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Wednesday, 24 September 2014 00:00

Outdoors roundup

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Haywood market celebrates September

Haywood Historic Farmers Market in Waynesville will extend its hours through 2 p.m. Saturday, Sept. 27, for a day that will include music, special programs and plenty of tastings and demonstrations. Check out:

• Barnyard animals, with owners on hand to answer questions. No touching, though. 

• A children’s program called “All about worms and their helpful ways.”

• Old farm equipment put back into action.

• Cooking demonstrations and local food tastings from vendors, with information given about what it takes to arrive at the finished product. 

• Music from Carey Fradley & The Stuart Brothers at 11 a.m. and 1 p.m., and a performance from Junior Appalachian Musicians at noon. 

nShrimp boil dinner, which includes boiled shrimp, coleslaw, Marie’s famous hush puppies, tomatoes and dessert, for a suggested donation of $8-10. The proceeds will go toward buying an electronic credit card machine that will allow vendors at the market to begin accepting credit card payment and food stamps.

Located in the HART theater parking lot on Pigeon Street. 


Plant clinic still open 

The season for the Haywood County Plant Clinic has been extended, with staffing now planned Mondays and Thursdays from 9 a.m. to noon until Oct. 16. At the clinic, Master Gardeners answer questions about nearly any topic related to plant cultivation, including lawns, vegetables, flowers, trees, pest problems, soils and fertilizers. The clinic is held at the Haywood County Extension Center on Stop by the Extension Center on 589 Raccoon Road.



Leaves alive at Highlands

A program 2 to 4 p.m. Saturday, Oct. 4 at Highlands Nature Center will give the whole family a better idea about why fall happens.

Activities will focus on how leaves change color, the difference between deciduous and coniferous trees and the winter survival strategies of each kind of tree. Afterward, visitors will take a guided walk through the botanical garden and learn how to identify species by leaf type, shape and color. 

$5 adults; $2 children. Register at 828.526.2623.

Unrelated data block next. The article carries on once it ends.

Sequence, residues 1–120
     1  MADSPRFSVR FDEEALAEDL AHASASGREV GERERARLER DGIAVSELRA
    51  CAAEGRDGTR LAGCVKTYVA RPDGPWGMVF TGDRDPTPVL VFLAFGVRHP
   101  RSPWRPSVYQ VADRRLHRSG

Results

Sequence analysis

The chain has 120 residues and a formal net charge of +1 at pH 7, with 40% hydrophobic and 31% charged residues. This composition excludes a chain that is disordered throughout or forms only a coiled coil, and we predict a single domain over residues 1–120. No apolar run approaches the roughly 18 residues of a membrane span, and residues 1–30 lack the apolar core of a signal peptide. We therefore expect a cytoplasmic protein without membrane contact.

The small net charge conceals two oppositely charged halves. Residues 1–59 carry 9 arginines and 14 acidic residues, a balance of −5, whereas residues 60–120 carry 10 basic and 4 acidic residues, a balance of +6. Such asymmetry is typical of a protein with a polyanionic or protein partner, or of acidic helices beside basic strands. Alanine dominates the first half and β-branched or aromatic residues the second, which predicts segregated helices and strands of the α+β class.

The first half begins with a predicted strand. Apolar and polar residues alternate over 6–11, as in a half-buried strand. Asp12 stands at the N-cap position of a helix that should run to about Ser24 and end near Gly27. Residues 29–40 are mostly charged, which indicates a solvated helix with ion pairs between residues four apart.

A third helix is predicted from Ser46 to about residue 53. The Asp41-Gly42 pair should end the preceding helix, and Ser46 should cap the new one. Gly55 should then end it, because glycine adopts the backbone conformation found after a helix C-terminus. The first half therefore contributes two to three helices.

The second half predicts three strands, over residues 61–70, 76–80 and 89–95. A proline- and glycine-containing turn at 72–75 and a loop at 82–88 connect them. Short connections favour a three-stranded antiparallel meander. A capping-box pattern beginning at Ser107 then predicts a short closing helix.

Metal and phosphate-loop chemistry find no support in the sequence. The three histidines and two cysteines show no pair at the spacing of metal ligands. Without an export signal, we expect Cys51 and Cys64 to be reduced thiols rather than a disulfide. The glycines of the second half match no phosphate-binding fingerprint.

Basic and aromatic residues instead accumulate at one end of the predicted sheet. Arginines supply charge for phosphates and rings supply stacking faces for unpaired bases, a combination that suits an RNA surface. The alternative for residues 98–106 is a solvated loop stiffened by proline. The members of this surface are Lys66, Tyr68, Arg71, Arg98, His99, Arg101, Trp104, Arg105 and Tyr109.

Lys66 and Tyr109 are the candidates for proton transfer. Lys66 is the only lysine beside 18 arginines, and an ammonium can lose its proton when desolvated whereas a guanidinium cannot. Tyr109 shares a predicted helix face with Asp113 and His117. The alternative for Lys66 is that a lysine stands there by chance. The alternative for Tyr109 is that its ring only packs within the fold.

Forest service fall foliage website is a go-to 

Looking for the best ways to enjoy fall color in the national forests? Check out the Fall Foliage 2014 webpage developed by the U.S. Forest Service National Forests in North Carolina. The page features scenic drives and other autumn activities in the Nantahala and Pisgah National Forest. The page also includes links to online resources such as webcams and maps.


Fracking opponent ‘party’

A comment party with the Swain County Coalition Against Fracking, will be held at 8:30 a.m. Thursday, Sept. 24, at Cork & Bean in Bryson City. The event will give mountain residents a chance to get some help drafting comments opposing proposed rules for oil and gas development in North Carolina.

The rules and legislation recently passed by the N.C. General Assembly would allow for hydraulic fracturing, a controversial method of fossil fuel extraction known as fracking. 

Bring a laptop or just yourself if you don’t have one. The comment deadline is Sept. 30. Susan Leading Fox, 828.736.5529.


Wildlife students up for odd job hire

Members of the Wildlife Club at Haywood Community College are renting themselves out for a day to help pay for a trip to the National Wildlife Quiz Bowl Championship in Pittsburgh, Oct. 28. The winner of a raffle drawing to be held Saturday, Oct. 4, will nab six student workers for a full day for labor of their chosing, a perfect time to knock out landscaping projects, building a fence, pruning or all those other things in the yard you’ve been meaning to get to.

Tickets are $10 each and available from Jenny Carver, 828.627.4560 or This email address is being protected from spambots. You need JavaScript enabled to view it. . 

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